Jussel: A new Bud would not have been costly for Rox
The Baltimore Orioles picked up starting pitcher Bud Norris on Wednesday in a trade with the Houston Astros.
To get Norris, the O’s gave up young outfielder L.J. Hoes, who is on the cusp of a Major League career after five years in the minors, and another pitching prospect, Josh Hader, who is riding buses and toiling in Class A ball.
Norris isn’t Cy Young.
What he is, though, is a 28-year-old who has a career ERA of 4.33, comes cheaply at $3 million per, and has one more season to go on his contract. He has spent his career eating innings on a terrible Astro team, getting about one strikeout per inning while allowing one hit per inning.
Norris isn’t Don Drysdale.
What he could have been, should have been, however, is one helluva fourth or fifth starter in the Colorado Rockies’ rotation the rest of this season and, yes, next season.
Now he’s in Baltimore for two minor league players, one of whom may turn out to be a regular outfielder for the Astros but more likely will be a utility player, and one of whom may turn out to be a starting pitcher in another two or three seasons, if everything works out perfectly.
Norris isn’t Tom Seaver nor Greg Maddux.
But, for comparison’s sake, let’s say for outfielder Cory Dickerson and Single-A pitching prospect Tyler Anderson, he’s also not a Rockie.
Bill Geivett, the team’s assistant general manager, tried to explain away the team’s lack of action Thursday, saying, “We are happy with our core group of players and ... we did not want to mortgage some of our future when the cost is so high to acquire talent.”
Mortgage the future?
The team has been looking for a fifth starter for what seems like an eternity.
Norris wasn’t going to cost anything that mortgaged the future.
What he would have cost was only a slightly better offer than Baltimore made.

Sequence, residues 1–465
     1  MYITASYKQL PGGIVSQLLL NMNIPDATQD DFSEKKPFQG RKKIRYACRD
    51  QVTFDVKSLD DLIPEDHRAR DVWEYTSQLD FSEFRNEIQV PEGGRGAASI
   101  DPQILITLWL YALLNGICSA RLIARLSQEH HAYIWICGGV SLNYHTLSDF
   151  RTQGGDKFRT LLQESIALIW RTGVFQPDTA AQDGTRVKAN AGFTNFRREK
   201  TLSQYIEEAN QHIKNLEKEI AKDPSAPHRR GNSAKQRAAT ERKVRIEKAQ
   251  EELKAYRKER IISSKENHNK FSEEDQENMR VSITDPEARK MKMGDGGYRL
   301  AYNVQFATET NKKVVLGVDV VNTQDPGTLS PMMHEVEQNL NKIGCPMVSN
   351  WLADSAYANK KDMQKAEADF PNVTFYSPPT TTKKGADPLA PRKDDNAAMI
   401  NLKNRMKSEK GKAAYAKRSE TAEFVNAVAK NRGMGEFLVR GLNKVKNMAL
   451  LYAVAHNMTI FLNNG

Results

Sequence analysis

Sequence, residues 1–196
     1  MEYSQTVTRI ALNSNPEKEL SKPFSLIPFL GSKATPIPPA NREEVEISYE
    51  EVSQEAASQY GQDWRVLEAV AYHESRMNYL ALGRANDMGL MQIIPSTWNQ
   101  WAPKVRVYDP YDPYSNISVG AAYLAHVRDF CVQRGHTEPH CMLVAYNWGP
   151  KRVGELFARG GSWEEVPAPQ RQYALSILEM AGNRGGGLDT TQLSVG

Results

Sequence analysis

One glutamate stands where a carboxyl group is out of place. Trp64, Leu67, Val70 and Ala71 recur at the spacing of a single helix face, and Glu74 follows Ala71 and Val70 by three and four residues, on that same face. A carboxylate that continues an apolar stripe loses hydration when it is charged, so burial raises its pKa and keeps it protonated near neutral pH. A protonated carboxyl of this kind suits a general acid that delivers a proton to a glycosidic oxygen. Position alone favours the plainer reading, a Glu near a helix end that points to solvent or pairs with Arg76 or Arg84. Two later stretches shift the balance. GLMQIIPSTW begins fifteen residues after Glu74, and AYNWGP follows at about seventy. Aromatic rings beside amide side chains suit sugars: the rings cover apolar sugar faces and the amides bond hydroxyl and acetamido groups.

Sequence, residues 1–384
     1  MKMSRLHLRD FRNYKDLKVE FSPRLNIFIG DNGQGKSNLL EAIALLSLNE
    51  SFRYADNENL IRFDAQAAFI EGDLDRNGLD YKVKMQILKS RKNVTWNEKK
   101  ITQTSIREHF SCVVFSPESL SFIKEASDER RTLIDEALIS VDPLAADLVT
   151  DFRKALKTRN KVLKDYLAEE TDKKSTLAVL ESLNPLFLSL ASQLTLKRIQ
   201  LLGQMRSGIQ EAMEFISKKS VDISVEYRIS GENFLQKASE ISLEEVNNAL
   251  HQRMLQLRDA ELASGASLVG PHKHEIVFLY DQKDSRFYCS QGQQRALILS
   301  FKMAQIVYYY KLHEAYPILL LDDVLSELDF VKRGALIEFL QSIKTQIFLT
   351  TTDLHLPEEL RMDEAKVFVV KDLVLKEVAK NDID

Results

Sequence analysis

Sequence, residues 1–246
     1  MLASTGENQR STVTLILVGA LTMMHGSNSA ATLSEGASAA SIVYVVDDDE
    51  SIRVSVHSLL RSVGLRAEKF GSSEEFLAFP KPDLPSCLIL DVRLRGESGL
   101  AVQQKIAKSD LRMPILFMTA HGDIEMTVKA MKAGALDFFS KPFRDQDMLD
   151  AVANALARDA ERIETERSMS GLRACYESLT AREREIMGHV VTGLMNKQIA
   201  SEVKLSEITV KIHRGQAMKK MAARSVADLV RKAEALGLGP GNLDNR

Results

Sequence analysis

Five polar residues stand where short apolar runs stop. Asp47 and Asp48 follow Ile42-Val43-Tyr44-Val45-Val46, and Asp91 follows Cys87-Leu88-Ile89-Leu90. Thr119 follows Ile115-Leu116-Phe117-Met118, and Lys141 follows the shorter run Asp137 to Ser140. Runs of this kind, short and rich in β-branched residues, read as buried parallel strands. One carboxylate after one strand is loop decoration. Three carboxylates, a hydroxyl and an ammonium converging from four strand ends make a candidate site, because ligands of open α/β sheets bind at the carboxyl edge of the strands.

And once more, we are left to wonder why.
TIME TO PANIC OVER BRONCO INJURIES?
The headline on the CBS Sports website read, “Broncos hit again: Rodgers-Cromartie carted off.”
Yes, it is becoming a bit redundant, this injury bug biting.
But, and this is a huge BUT, the Broncos are going to be just fine, thank you.
For one thing, the only injury that would cost immediately in the win-loss column would be to You-Know-Who.
Everyone else is a replaceable part, even Dominique Rodgers-Cromartie, the cornerback who sprained an ankle and is expected to miss two to three weeks of training camp.
Remember, training camp is way longer than need be. Missing some of it, even most of it, will not impact the regular season.
Let’s also think about what the Broncos have become in the last year-plus: They are deep and getting deeper with each muscle pull or sprain as young talent gets a chance to get more reps in practice and become more comfortable playing with the starting unit.
True, center Dan Koppen’s injury was an eye-opener, but as Bronco head coach John Fox pointed out, Manny Ramirez has been and still is the starting center in camps. And the team didn’t panic, instead finding replacements to at least compete for the starting job in free agent Steve Vallos and the retired Ryan Lilja.
Yes, Denver has had injury problems in camp, as has virtually every NFL team.
But when we look at the depth chart as camp opened, the only regular who likely won’t be playing is linebacker Von Miller.
And that won’t be because of that nasty old injury bug.
Rick Jussel is a former Daily Sentinel sports editor (think Dark Ages) and Grand Junction High School journalism teacher who belongs in the Armchair Quarterback Hall of Fame, if only there was one.